Friday, February 10, 2006

The fiscal-military state

We have had some interesting debates on whether the Glorious Revolution was (a) glorious and (b) a revolution. 'Glorious' is a value judgement, 'revolution' a debate over semantics. I interpret 'revolution' as meaning a profound and irreversible change, and according to that definition, the events of 1688-1689 had revolutionary consequences. But you don't have to agree!

Here is my take on the Revolutions as a major catalysts of constitutional change.

1. During the 1690s and early 1700s a powerful central executive developed. The expansion of the army and the navy necessitated a greatly increased bureaucracy, particularly in the financial departments of the state. Crown finances improved: the crown’s revenue depended on customs, excise (collected directly by the crown from 1683) and from 1693 the land tax. By the early 18th century the English paid twice as much in taxation as the French.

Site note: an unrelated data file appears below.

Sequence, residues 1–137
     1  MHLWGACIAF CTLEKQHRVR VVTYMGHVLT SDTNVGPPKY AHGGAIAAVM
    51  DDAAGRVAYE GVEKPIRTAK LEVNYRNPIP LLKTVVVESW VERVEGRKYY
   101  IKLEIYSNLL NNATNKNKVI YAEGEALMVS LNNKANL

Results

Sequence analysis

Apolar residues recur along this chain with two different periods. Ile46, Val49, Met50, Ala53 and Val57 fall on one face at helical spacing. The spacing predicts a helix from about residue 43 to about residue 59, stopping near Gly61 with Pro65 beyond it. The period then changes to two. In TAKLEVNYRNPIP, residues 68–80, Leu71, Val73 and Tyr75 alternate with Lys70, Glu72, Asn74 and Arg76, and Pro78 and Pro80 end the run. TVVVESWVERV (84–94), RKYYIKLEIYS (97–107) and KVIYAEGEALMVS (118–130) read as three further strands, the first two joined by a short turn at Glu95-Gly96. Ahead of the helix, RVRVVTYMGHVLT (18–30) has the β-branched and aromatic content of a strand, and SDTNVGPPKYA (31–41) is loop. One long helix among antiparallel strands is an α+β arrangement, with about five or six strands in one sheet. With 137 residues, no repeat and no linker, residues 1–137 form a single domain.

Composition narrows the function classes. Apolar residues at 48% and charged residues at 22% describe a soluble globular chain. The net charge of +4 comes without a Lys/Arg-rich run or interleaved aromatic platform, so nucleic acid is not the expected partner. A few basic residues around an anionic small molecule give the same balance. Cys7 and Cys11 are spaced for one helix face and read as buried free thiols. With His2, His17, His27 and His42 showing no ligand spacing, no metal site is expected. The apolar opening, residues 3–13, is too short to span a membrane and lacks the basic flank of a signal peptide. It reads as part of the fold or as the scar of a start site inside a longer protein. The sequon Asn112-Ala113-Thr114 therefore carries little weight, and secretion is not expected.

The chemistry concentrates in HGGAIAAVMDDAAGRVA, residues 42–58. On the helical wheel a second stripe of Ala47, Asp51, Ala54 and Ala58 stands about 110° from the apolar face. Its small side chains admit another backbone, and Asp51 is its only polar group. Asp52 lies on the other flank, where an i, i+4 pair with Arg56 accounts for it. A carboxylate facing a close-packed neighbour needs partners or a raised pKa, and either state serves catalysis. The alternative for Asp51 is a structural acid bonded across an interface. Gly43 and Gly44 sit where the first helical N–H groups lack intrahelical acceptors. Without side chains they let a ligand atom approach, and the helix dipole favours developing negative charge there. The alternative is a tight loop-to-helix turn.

2. A new system of public credit developed. By measures of 1693 and 1694 the king’s debt became the National Debt, financed by bonds, annuities and other forms of individual savings. The Tonnage Act of 1694 provided for a loan of £1.2m at 8% and for subscribers to be incorporated as the Bank of England empowered to deal in bills of exchange. War was now paid for by borrowing as well as taxation. Bankers and financiers flourished in this new climate.

3. With the creation of this ‘fiscal-military state’ England became a major military as well as naval power. Anne’s armies ranged from the Netherlands to the Baltic and Spain.

4. Parliament became a permanent part of the constitution and its work dramatically increased. With the National Debt established on a parliamentary basis, annual sessions were assured.

Add to this the fact that the doctrine of the divine right of kings had been dramatically undermined and that religious dissent was legally recognized for the first time, and it's all beginning to look very much like a revolution.

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